August 11, 2016

Spilling the Beans About Craft Coffee Consumers

Craft coffee brewers are trending as a niche opportunity in the U.S. coffee market, with coffee consumers now using methods at home, like French press, pour over, and siphons. And that’s causing some confusion in the industry, since these craft-coffee consumers differ from traditional coffee drinkers in some important ways.


August 11, 2016

Home-Delivered Meal Kits Resonate with Wanna-Be Home Chefs

Home-delivered meal kits help hectic meal preparers put dinner on the table two or more times a week. Now you can see which U.S. consumers are trying out these services and get a clear perspective on home-delivered meal kits' market potential and how they influence habits in the home.


Appliances
Insights and Opinions from our Analysts and Experts


February 9, 2017

Will a Holiday Hero be a 2017 Trailblazer?

When many key general merchandise categories struggled to meet holiday sales of the previous year, let alone beat them, home products categories proved to be a key component of retail sales success during Holiday 2016. Over the nine weeks of the Holiday 2016 shopping season, starting the first week in November and continuing through the last week in December, small home appliance dollar sales gained more than 3 percent over Holiday 2015 results. Ending 2016 on such a positive note among mixed reviews of sales and spending results should have the home-products industry kicking off 2017 with serious momentum, right? It will if we pay attention to what the consumer’s behavior told us during the holiday shopping season.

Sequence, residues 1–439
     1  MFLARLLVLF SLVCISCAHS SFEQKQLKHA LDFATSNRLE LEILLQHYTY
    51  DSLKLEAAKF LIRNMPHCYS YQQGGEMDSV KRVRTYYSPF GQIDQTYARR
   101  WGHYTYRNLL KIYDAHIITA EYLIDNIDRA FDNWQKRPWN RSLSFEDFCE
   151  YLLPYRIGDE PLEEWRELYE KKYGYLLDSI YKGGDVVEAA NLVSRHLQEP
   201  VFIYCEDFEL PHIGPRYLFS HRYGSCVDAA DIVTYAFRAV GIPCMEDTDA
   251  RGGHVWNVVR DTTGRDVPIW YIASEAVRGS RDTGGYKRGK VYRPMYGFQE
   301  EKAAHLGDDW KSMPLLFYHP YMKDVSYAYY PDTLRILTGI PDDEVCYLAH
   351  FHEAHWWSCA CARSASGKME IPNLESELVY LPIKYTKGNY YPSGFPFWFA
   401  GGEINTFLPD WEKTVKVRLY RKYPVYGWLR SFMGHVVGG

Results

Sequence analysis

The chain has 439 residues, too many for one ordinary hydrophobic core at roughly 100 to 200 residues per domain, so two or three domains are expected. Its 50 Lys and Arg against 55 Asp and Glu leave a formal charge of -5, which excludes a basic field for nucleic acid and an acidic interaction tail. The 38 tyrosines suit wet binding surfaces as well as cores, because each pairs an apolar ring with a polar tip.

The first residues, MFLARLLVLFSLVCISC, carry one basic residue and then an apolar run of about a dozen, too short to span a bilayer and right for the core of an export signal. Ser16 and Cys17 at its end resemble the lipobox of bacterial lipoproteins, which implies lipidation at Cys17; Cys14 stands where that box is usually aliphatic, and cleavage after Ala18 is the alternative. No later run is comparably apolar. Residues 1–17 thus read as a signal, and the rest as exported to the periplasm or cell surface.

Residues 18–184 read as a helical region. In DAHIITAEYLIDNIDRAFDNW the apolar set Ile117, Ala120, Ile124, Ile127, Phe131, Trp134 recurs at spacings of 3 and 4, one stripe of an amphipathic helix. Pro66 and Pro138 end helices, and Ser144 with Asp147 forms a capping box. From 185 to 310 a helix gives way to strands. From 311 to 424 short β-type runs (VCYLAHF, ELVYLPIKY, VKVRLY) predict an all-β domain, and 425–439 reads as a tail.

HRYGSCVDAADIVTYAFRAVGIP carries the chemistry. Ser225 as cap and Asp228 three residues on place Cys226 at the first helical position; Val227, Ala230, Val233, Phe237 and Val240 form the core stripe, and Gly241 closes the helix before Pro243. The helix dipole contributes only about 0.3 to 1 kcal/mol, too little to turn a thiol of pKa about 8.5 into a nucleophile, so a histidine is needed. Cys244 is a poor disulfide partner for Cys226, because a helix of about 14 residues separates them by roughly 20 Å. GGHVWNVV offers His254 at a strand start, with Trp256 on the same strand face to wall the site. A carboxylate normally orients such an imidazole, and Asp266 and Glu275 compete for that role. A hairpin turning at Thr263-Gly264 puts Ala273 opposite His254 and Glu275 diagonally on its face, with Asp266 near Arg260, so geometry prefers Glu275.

There were a few categories that really brought it home (pun intended) this holiday season in terms of sales gains versus last holiday season. Robotic vacuums led the way, more than doubling their Holiday 2015 season sales, along with hot-air stylers that also multiplied last year’s sales many times over, and vacuum sealers nearly doubled last year’s results.  Other big winners during Holiday 2016, each with significant double-digit gains over the prior holiday season, were hand and stick vacuums, hair dryers, and cookers (especially multi-cookers, pressure cookers, and fryers). All of these results tell me that consumers are looking for more convenient ways to approach life’s tasks as well as some technology and innovation behind those product promises – that is exactly what many products in these high-growth categories are delivering.

On the flip side, some traditionally strong categories, like upright vacuums, blenders/processors, and electric shavers, had strong unit performance during this past holiday season but dollar sales declined. This could indicate that consumers are returning to the basics and looking for fewer bells and whistles. More likely, given the signals sent by those categories with strong sales gains, is that the bells and whistles that are currently being offered by these products aren’t ringing with enough value for consumers to up their spend on them – these sales may have been driven, in part, by promotion.